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The first two women to ever graduate from the Army's notoriously demanding Ranger school say they were motivated to get through the punishing 62-day course by the doors they were opening for future women.
"I felt some internal pressure," Capt. Kristen Griest said Thursday at an Army panel. "I was thinking really of future generations of women, that I would like them to have that opportunity. So I had that pressure on myself."
Griest, along with 1st Lt. Shaye Haver, will be a historic part of Friday's graduating class of Rangers at Fort Benning, Georgia.
Four hundred soldiers — including 19 women — started the grueling Ranger training in April, but just Griest and Haver, along with 94 men, completed the full course.
Despite graduating, Griest and Haver are not permitted to actually join the Army Rangers, or even serve in infantry or any special operations posts — because they are women. The will, however, wear the Ranger Tab on their uniforms.
Flanked by several fellow male graduates at Thursday's panel, Griest and Haver told reporters they hoped senior military officials would change that policy soon.
"We can handle [the same] things physically and mentally as men, and we can deal with the same stresses and training that the men can," Griest said.
Haver added that she understood why there's still a perception that women can't do the same jobs as men.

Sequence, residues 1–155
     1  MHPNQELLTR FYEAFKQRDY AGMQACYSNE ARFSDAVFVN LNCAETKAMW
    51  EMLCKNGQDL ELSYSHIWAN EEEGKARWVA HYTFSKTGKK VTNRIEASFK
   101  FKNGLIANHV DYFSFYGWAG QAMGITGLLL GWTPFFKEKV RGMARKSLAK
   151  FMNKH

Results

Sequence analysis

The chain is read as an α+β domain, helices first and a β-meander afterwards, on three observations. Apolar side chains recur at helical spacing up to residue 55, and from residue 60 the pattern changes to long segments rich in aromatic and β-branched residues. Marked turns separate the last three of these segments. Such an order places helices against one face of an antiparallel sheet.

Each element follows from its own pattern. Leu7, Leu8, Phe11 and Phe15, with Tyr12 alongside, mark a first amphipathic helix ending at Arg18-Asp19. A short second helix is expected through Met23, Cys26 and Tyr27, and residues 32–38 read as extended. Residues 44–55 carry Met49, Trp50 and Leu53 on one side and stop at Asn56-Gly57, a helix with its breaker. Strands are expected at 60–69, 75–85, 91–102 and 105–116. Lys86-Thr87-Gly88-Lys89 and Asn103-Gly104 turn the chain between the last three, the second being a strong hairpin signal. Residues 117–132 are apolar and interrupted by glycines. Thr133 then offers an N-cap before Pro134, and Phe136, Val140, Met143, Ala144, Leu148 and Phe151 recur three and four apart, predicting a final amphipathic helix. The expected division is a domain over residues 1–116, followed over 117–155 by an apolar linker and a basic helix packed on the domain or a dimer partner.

"We ourselves came to Ranger school skeptical," she said. "But we didn't come with a chip on our shoulder, like we had anything to prove."
Ranger training tests physical endurance and survival skills, with graduates stretched to the extreme on mental and physical stress. The weeks-long exam includes a 5-mile run in 40 minutes; a 12-mile march in three hours; an air assault in Florida's swamps; and other obstacles.
Male graduates on Thursday's panel repeatedly referred to Griest and Haver as "physical studs" and said during the fatigue and stress of Ranger school, they didn't care whether they were working with another man or with a woman to accomplish their duties.
"You're really way too hungry and way too tired to care," said Staff Sergeant Michael Calderon. "At the end of the day, everyone is a Ranger."
The graduates described exhausting conditions — a squad carrying 2,000 rounds of ammunition, for instance — and leaning on Griest and Haver to help them cross the finish line, especially after witnessing the two women finish obstacle courses well ahead of some of their male counterparts.
"That was what validated this for me," Specialist Christopher Carvalho said.
The men on the panel praised the two women as equals, but said they could not speak for how other Ranger graduates felt.
Haver said she hopes to "serve as far as leadership will let me."
"I can say without a doubt that the team I'm graduating with tomorrow accepted me completely as a Ranger," Haver said. "I'm proud and humbled to be graduating with them tomorrow."